The Party Princess
By LEAH McLAREN
Globe and Mail
Monday, Sep. 8, 2003
Thank God it's nearly over. I'm just so BORED by it all -- the shoes, the small-talk, the standing-up dinners of champagne and sweaty smoked salmon. Oh, when will I be able to escape this tedious hellscape of sequins and men in black blazers known as the Toronto International Film Festival? Actually, come to think of it: Today. For me, the whole thing is over as of today, and not a moment too soon for my T-zone.
The crankiness had already taken hold on Tuesday night when I arrived (looking amazing -- obviously) on the arm of my friend T, at the Holt's Flick event. There was some embarrassing confusion at the door as to Who I Was, and I nearly lost it.
"Look," I said to the rapidly blanching door girl, "I'm trying to come to a party at your store. Where I shop. Everyday."
"I understand, madam, and I'm sorry about the wait, but the problem is I don't have the media list at this desk."
"All right, well could you use that little radio to call the publicist and tell her the Party Princess is leaving to go to the InStyle party instead?"
We were ushered in warmly after that. Inside, the lights were blazing, and the drinks came on trays held by gold-dusted boys in aviator shades. It was crowded, like a Boxing Day sale (or so I've heard), except without a discount. I immediately looked around for a new thing to whine about. Kim Cattrall was laughing into a rack of Marni dresses at a joke that a bald, fat, rich-looking man had made. Just as I opened my mouth to whine about how disappointing her outfit was, one of my colleagues appeared. Actually it was the small, stylish woman who likes to think of herself as my "Boss."
"Look," she said, pointing to a puffy, pink man with Beethoven hair. "It's Graydon Carter [the editor of Vanity Fair]. You're the Party Princess. Go talk to him."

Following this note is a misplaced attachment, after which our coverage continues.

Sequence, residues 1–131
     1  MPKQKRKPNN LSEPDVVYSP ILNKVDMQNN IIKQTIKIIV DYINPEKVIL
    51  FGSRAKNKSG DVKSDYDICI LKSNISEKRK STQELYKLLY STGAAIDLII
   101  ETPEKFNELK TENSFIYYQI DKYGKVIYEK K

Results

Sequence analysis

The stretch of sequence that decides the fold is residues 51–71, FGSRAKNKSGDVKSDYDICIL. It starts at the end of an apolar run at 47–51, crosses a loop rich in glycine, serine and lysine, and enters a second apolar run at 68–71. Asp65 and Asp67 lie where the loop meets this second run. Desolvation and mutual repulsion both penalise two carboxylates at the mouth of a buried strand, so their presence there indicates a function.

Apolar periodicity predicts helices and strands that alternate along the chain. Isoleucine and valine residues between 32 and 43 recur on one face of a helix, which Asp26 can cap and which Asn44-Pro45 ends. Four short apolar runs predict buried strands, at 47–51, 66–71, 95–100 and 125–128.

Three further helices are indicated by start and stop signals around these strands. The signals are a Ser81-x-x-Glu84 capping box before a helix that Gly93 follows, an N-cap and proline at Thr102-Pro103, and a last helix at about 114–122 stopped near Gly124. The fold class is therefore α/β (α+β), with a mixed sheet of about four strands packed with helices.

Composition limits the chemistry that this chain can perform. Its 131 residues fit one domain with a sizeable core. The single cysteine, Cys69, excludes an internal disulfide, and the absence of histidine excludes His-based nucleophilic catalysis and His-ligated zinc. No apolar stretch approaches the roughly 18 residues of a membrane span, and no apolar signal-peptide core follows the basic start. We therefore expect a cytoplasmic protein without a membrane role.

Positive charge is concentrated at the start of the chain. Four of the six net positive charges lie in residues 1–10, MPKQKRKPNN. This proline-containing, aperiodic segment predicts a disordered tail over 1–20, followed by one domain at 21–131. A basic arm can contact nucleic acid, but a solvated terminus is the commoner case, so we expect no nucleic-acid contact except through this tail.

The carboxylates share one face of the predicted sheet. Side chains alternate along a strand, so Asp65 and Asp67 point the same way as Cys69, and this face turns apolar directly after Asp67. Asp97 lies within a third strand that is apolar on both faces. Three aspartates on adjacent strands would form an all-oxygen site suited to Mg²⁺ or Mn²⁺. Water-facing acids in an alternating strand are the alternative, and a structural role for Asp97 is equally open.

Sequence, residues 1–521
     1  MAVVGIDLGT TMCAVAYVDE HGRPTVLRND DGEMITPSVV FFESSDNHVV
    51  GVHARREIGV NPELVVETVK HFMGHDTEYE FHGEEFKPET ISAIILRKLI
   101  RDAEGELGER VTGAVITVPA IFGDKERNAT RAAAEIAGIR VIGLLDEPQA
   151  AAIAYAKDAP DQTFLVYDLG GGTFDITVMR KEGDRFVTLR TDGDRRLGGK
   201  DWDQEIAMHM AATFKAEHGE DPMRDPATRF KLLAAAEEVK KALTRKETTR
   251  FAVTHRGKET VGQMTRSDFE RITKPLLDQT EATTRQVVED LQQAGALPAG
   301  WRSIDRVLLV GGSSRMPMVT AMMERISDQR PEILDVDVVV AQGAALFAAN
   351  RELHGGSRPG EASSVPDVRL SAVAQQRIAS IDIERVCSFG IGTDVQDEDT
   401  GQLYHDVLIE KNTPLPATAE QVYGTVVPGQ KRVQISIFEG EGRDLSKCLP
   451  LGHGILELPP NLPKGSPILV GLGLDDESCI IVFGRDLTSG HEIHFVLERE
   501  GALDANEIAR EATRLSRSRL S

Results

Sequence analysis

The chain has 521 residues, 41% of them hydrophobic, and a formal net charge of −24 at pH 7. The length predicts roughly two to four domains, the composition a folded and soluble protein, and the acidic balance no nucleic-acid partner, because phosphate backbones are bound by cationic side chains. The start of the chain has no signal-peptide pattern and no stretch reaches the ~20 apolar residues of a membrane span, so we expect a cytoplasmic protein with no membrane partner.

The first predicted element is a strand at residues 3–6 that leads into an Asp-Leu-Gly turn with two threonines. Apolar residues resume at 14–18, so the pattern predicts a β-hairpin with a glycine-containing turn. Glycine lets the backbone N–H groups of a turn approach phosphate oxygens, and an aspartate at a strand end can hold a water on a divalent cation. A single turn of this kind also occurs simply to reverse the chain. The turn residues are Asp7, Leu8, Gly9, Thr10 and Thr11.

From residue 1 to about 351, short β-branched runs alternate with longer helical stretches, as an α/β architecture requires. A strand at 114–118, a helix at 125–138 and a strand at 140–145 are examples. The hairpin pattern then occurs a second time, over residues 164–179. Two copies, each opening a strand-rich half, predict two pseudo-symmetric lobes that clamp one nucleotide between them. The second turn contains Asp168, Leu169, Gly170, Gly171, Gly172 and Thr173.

"Do I have too?" (Finally, something legitimate to whine about!) "I have nothing to say."
"Oh don't worry, you won't have to say much."
Thus assigned, I approached. Soon enough we were introduced.
"How do you do?" he said.
"Okay, I guess."
He looked at me expectantly. For a moment I was afraid he was going to suggest I pose for the cover of Vanity Fair, which would have been a disaster, as I'm not doing any more press this season. I decided to let him down easy.
"Look, my boss told me I should talk to you but I really have nothing to say."
We looked at each other with mutual discomfort.
"Well, a lovely night, isn't it?" he said.
I shrugged. The man was going to have to try harder if he wanted to sustain my interest in this little exchange.
"Typical. Editors," he said, jabbing his nose toward my boss. I forgot myself and smiled. Finally, a little sympathy! Suddenly: a shriek from behind the Cavelli display. I ran over. There was T. Oh God, it was too awful.
"Honey," I whispered. "Is it broken?"
"I think so," she whimpered bravely, holding up a detached high heel.
I turned around and glared at one of the gold-dusted boys. "Don't just stand there. Can't you see this is an emergency? Get a personal shopper over here NOW."
Within moments my Holt's personal shopper Christina had whisked the two of us over to the shoe department where she picked out a nice sturdy pair of Chanel pumps, as T sat on a bench drinking champagne. Out of sympathy, I bought a pair of Pradas. So you see, partying in a department store does have its perks after all.
The retail theme continued on Wednesday night at the US magazine party hosted by Roots. Walking in I was struck by a strange sight: Tables, upon tables, of thoroughly edible food. For the first time in two weeks the Party Princess feasted on plump oysters, sweet cold prawns and buttery sashimi. After weeks of waving away trays of revolting spring rolls, I had almost forgotten the pleasure of real sustenance. Leave it to the boys at Roots to know the way to a true Princess's heart.
Happily nourished, I carried on to the Hugo Boss party deep in the heart of Yorkville. After being whisked through a leafy courtyard and into a private showroom, I found myself seated beside fellow It girl, the actress Chloë Sevigny (the party was in honour of her new movie, Shattered Glass).
A bright light blasted through the room, and everybody looked over at a black-haired woman with twigs in her hair who was being interviewed by a TV crew.
"Who's that?" Chloë asked.
"Oh that's Tea Leoni," said somebody.
"Oh you know, she was in Wayne's World and now she has a bad TV show. And she used to date Tie Domi from the Toronto Maple Leafs," I said confidently.
"No silly," said someone else. "You're thinking of Tia Carrere."
"Oh, whatever," I said.
Is the festival over yet?